But over several months in 1977, television reporter Wayne Satz broadcast a series of investigative reports on police shootings. Six reports featured on-camera interviews with an anonymous LAPD officer--masked, hooded and with his voice distorted, to conceal his identity.
The officer charged that “most officers are extremely eager to be in a shooting” and that “a majority are definitely prejudiced.”
The charges so outraged many in the LAPD that the department filed a libel suit against Satz’s station, KABC Channel 7. A judge threw the suit out of court, but that did not stop officers at the LAPD shooting range from putting Satz’s name and photo on targets designated as bad guys.
Chief Davis sneeringly dubbed the officer “the masked marvel” and accused Satz and the officer of being dishonest--charges that both denied.
Two years later, Larry Carroll, another Channel 7 reporter, enraged the LAPD anew when he reported that he had “solid information” that a man who would later die of wounds suffered in a shootout with police had more gunshot wounds when he arrived at the hospital than he had when police took him from the shooting scene. The implication was clear: The cops had shot a wounded man while he was in an ambulance, en route to the hospital.
Carroll also reported that witnesses had told him that an officer wounded in the gun battle had been accidentally shot by another officer.
Police and doctors at the hospital said Carroll was wrong on both counts, and the station subsequently issued a carefully worded apology that satisfied no one.
But errors as egregious as Carroll’s were rare, and with The Times increasingly the dominant media voice in town, it was Times coverage that most frequently engendered hostility at Parker Center. Although the Herald Examiner was often more aggressive in pursuing charges of police brutality from the late 1970s to the mid-1980s, it was a 1977 Times report that many came to see as an early turning point in media-LAPD relations.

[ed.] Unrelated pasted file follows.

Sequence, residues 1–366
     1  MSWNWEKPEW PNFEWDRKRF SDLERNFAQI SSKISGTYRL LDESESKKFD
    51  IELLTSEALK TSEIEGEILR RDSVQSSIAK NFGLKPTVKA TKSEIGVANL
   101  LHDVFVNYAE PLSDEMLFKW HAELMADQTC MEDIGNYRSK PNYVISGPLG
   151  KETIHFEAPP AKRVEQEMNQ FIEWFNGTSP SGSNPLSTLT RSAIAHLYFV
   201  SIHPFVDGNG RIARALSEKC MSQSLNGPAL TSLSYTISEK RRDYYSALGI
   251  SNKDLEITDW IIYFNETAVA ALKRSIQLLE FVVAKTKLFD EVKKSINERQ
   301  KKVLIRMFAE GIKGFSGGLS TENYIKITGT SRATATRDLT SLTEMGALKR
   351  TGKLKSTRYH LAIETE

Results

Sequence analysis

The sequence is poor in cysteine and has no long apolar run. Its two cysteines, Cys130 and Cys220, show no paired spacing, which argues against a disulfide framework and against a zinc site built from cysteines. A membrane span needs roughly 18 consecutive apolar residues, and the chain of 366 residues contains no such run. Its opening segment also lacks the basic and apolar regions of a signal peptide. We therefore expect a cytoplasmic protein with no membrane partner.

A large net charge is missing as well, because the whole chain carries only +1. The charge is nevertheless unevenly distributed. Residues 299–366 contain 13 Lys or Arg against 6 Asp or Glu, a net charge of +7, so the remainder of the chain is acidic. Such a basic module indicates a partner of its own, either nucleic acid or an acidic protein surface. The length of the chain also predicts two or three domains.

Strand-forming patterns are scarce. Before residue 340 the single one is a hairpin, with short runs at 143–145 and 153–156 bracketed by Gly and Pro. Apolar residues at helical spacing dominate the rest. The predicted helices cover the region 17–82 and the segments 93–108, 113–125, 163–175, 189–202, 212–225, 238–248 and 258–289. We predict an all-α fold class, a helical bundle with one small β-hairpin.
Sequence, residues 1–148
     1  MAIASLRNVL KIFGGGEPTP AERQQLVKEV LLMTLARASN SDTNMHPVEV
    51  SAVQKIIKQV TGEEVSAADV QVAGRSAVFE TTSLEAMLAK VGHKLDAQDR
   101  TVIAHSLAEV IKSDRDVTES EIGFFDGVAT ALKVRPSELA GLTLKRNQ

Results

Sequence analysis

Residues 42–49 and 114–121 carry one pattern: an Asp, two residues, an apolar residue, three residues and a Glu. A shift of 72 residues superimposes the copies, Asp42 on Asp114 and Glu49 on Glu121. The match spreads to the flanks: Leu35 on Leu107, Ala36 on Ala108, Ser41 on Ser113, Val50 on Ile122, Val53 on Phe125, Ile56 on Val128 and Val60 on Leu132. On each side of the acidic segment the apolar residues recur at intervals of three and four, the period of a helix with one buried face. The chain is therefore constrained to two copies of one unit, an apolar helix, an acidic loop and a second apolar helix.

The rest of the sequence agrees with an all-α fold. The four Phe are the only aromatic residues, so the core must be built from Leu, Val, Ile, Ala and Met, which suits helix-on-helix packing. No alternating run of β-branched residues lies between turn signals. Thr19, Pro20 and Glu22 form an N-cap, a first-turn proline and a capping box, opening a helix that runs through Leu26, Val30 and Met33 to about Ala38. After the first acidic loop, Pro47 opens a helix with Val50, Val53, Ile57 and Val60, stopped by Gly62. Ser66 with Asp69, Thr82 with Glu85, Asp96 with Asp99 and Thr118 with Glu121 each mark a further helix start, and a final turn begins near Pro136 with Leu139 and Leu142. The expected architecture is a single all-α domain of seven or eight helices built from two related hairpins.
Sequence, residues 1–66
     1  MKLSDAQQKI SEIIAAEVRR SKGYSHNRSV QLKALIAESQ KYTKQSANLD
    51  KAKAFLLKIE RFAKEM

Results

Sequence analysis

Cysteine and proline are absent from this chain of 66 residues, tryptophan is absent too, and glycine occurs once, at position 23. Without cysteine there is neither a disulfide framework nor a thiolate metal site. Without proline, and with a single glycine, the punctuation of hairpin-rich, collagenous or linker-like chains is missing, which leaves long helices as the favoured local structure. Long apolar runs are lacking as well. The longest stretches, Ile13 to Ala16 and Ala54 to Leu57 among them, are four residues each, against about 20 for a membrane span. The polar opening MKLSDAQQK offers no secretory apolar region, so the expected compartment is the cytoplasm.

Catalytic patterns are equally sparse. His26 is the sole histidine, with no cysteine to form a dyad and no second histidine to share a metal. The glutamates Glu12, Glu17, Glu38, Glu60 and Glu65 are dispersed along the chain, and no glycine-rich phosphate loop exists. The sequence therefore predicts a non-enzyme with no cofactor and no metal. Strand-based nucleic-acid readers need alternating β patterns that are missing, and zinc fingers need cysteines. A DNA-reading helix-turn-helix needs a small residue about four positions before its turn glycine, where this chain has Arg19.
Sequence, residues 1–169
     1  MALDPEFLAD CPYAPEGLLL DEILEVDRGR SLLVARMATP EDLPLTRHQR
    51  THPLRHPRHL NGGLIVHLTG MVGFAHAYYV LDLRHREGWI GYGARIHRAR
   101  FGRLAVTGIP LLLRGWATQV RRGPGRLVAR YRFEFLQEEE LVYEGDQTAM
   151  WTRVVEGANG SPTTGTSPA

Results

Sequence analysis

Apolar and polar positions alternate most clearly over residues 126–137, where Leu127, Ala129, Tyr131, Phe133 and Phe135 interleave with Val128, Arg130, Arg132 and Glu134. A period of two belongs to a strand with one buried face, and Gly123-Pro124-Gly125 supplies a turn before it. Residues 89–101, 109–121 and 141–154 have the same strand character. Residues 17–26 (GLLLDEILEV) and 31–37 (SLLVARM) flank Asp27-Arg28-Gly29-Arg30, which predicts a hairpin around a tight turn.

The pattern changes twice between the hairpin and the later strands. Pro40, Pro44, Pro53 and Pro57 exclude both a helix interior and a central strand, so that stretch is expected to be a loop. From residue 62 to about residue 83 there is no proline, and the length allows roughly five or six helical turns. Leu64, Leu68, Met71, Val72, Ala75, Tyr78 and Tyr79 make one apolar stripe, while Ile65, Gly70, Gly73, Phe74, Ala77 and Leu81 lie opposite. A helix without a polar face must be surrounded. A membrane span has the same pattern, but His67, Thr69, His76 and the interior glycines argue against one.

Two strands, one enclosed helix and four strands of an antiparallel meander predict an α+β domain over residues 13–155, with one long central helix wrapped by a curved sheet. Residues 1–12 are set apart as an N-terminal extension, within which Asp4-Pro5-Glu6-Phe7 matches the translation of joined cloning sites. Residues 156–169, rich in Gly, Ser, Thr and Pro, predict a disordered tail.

The report, a special section of the Sunday paper titled “The LAPD: How Good Is It?” was a 19-story package produced over three months’ time by a team of 11 reporters. The series examined virtually every aspect of police work and was extremely critical of LAPD’s investigative techniques and conviction rate, especially when compared to the Los Angeles County Sheriff’s Department.
Four stories in the series dealt with police use of force and the failure of either the LAPD or the district attorney’s office to punish officers accused of using excessive force. One story pointed out that an off-duty officer would be fired for soliciting a prostitute, but that an officer who kicked or choked someone might only be suspended for two to five days.
In the years since those stories were published, no story on the LAPD has been considered complete “unless it had some criticism tossed in,” says William Booth, longtime commander in charge of the LAPD press office and now a deputy chief in charge of the bureau of special investigations. “Every article . . . had to have some ‘yes, buts.’ ”
By 1979, police resentment of the media had made the following joke a favorite at Parker Center:
“First cop: ‘Do you know how to save a drowning newsman?’
“Second cop: ‘No.’
“Third cop: ‘Good.’ ”
Official Reviews of Police Conduct
In the aftermath of the Watts riots in 1965, Gov. Edmund G. (Pat) Brown appointed John McCone, former director of the Central Intelligence Agency, to head a commission to investigate the causes of the riots and to develop recommendations to prevent a recurrence. More than 25 years later, when Rodney G. King was beaten by four Los Angeles police officers, Mayor Tom Bradley appointed Warren Christopher, who had been vice chairman of the McCone Commission, to head a new commission to investigate the LAPD. The McCone Commission found that “resentment, even hatred, of the police (was) a fundamental cause for the riot” in 1965; the Christopher Commission, which found “a significant number of officers who repetitively misuse force,” encountered a similar attitude among minorities toward the LAPD in 1991.
Under the tenure of Chief Parker, left, the LAPD became the best-trained, most professional, corruption-free police force in the country. The department went from local disgrace to national fame. For most of his reign, the media treated him--and his department--like heroes.
Peter Johnson of The Times editorial library assisted with the research for this series.